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Tuesday, 28 February 2017

Little Red Riding Hood

Retold by: Monica Hughes
Illustrator: Adrienne Salgado
Series: First Readers: Read Together Books for Marks & Spencer
Publisher: Exclusive Editions Ltd, 2007

I like many things about this First Readers book series, which has been carried by high-street retailer Marks & Spencer for the past ten or so years. I like the price of books in this series, as at £3 each (they might have gone up a little recently), this is pocket-money price for literature in the UK. The affordability of modern children's literature truly concerns me. We should be encouraging reading, not needing to incur a huge debt to brighten our children's bookshelf. 
Books for this age range should be cheap, and they should (my other concern in the wake of national library closures), be accessible. Marks and Spencer sell this range in even their smallest of high-street outposts, and I've also seen the older editions of the range on offer in the nationwide M&S outlets.  So First Readers are affordable, very accessible, and usually they are stocked on a nice rotating circular unit, which shows off a nice range of books in the selection- there's plenty of choice in the range.

First Readers are all based on traditional fairy-tales (so for example Little Red Riding Hood, as above, The Three Little Pigs, Puss in Boots etc) and they are retold very concisely (this range makes Ladybird seem incredibly wordy!).  On one side of the double page spread there are 5-8 very short sentences for the adult to read aloud, and a reminder sentence (a summary) on the accompanying page for the child to recall. Although the story itself does feel very 'snipped', all the elements of the tale are there, and the story flows appropriately. On this note, some of the tales work better than others; The Three Little Pigs is too condensed (no space for 'and by the hair on my chinny chin chin you can't come in!' catchphrase, but repetitive victor stories such as The Giant Turnip and The GingerBread Man, work well in this format.) The illustrations are okay: they're quite nonchalant but bright enough.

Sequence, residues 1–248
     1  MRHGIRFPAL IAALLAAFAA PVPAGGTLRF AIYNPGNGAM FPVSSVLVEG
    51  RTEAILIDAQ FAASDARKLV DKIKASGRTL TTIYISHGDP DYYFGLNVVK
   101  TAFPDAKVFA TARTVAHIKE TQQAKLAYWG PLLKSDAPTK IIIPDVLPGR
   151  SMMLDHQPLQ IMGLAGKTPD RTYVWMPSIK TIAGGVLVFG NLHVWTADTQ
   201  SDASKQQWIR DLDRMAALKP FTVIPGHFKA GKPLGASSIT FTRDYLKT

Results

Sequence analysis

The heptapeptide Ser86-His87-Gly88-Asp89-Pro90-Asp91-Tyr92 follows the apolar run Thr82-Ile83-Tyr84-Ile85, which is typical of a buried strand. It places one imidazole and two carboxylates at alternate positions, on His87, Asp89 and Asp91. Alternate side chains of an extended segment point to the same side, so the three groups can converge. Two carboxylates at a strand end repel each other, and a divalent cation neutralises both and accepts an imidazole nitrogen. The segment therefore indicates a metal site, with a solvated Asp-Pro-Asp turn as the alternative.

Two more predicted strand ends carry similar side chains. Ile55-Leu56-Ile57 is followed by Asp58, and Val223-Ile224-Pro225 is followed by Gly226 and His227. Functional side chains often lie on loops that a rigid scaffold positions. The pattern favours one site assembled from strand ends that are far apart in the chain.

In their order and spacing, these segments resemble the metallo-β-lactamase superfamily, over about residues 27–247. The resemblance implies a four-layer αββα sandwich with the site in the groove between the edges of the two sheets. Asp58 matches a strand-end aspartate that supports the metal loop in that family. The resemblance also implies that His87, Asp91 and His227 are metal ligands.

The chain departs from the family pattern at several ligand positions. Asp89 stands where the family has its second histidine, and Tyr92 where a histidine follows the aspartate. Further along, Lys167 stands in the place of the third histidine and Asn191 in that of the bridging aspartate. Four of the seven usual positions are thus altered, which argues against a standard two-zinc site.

The series 'follows the National Literacy Strategy'; the featured Little Red Riding Hood for example, credits reading consultants Betty Root and Monica Hughes. Thumbs up again for educational value, and certainly my three year old is managing to memorise and recall the story beautifully and engage in the two reading exercise pages at the back of each book. Edie loves the 'can you read the words?' game, as she has memorised the answers and uses the picture clues, likewise the 'answer questions' reading comprehension exercise, including very simple questions such as 'Where did Granny live?' These books support really good reading practice skills, which could be used, as I do, to help prepare the preschooler for reception year learning to read. 

My usual bugbear with fairy-tale retellings for this age range, is that they are so overly sanitised, but this First Readers Series, manoeuvres well endings that are not graphic but follow the original enough. In this version of Little Red Riding Hood for example, the wolf does swallow granny and red riding hood whole, but they jump out whole once the woodcutter arrives.

In all, a good, educational, affordable, accessible early years reading scheme; adequate choice in the range, authentic to the stories, 'no frills' narratives.     

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